Our efforts have allowed us to paint the clearest picture to date of pollution’s devastating hold on the poisoned poorMore than one in seven deaths in the world are pollution-related. Here’s a snapshot of pollution’s global toll.

Here are three ways we are continuing to close this knowledge gap:

1) Small Research Grants 2015: Call for Proposals, Deadline Jan. 12, 2015

Calling all researchers and scientists, there is still time to apply for these grants – deadline January 12, 205.  The grants are intended mainly to support researchers in their effort to write up their findings for publication in an international, peer-reviewed journal. Research work should focus on the scope, effects and remediation of toxic pollution in poor countries.  Click on the link above to get details.

2) Teaching Scientists in Developing Countries to Write for International Journals

To date, over 100 researchers, including Kenyan scientist Faridah Hussein Were, have taken the free online course developed by Blacksmith/Pure Earth in collaboration with AuthorAID, to help researchers and scientists from low and middle-income countries improve their technical writing and editing skills with an eye to getting their views and findings in major international journals. The course will increase from five to ten weeks next year.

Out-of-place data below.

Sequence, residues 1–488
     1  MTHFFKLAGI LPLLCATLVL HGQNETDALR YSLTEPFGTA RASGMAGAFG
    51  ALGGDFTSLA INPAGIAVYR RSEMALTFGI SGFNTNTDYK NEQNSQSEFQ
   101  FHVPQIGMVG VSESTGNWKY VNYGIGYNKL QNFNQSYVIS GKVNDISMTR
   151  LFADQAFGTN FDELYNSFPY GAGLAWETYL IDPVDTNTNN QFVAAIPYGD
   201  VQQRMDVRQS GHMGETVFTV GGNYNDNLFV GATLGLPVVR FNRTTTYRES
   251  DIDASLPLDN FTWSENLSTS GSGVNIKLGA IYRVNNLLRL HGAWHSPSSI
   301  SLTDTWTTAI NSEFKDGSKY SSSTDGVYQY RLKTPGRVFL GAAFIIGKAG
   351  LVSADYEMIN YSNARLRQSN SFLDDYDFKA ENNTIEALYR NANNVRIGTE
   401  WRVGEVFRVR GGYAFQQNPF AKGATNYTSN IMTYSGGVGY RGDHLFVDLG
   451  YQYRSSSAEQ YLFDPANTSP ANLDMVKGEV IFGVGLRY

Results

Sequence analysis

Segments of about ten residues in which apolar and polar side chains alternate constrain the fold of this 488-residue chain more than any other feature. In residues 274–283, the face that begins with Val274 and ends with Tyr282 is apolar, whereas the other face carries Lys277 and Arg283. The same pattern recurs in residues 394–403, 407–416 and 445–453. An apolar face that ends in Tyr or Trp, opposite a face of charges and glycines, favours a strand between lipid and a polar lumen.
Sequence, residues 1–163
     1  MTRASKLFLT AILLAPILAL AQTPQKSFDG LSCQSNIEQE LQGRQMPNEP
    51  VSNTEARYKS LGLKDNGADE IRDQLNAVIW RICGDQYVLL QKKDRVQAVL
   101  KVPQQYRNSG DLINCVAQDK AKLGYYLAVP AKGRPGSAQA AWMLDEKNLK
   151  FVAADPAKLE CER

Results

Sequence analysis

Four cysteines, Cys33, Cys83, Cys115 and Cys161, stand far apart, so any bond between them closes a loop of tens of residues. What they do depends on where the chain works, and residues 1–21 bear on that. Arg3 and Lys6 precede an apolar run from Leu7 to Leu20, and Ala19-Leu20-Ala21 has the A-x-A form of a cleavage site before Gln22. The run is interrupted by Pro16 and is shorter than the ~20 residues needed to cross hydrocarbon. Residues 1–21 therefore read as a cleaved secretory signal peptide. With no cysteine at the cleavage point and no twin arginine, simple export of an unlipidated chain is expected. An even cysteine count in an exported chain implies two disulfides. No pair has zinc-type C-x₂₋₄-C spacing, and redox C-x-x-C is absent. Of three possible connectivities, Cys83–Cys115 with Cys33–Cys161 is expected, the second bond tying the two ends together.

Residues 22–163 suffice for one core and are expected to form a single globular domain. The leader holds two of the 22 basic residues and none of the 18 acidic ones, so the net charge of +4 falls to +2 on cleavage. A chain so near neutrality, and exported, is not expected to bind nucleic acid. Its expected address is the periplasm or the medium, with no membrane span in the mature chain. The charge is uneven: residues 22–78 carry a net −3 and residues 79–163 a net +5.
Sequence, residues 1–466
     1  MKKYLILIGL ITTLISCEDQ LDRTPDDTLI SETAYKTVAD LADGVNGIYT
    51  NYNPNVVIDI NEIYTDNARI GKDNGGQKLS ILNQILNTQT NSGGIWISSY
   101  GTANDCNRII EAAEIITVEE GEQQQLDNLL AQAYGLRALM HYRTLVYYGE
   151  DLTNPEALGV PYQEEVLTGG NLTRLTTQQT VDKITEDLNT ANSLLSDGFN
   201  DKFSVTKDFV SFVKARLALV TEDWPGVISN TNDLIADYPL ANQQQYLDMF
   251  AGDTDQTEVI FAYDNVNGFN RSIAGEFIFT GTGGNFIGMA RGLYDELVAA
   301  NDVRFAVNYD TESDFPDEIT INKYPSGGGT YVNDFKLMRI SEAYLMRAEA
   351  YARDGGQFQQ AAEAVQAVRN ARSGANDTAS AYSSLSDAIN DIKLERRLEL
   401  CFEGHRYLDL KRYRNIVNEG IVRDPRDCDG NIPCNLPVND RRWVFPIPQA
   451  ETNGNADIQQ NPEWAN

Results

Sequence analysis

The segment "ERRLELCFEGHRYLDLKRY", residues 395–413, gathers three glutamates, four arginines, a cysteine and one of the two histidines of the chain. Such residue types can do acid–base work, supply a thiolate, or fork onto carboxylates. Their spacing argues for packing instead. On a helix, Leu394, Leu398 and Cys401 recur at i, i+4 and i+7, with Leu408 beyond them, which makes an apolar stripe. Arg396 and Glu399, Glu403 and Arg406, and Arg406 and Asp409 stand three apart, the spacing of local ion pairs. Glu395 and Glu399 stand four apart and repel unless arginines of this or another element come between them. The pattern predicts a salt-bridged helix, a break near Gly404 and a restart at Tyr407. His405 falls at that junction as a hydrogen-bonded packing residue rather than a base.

3) Journal of Health and Pollution Gives Voice to Researchers from Underrepresented Countries

Published by Blacksmith/Pure Earth, the Journal of Health and Pollution (JH&P) is the only journal focused exclusively on low and middle-income countries. The online journal of peer reviewed research and news is an important pipeline of crucial data and analysis of this global problem in countries that are often underrepresented in major studies. In 2015, the journal will enter its fifth year.

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Three Papers Published in Prestigious Journal

Richard Fuller, Blacksmith Institute for a Pure Earth President with a  Mexican potter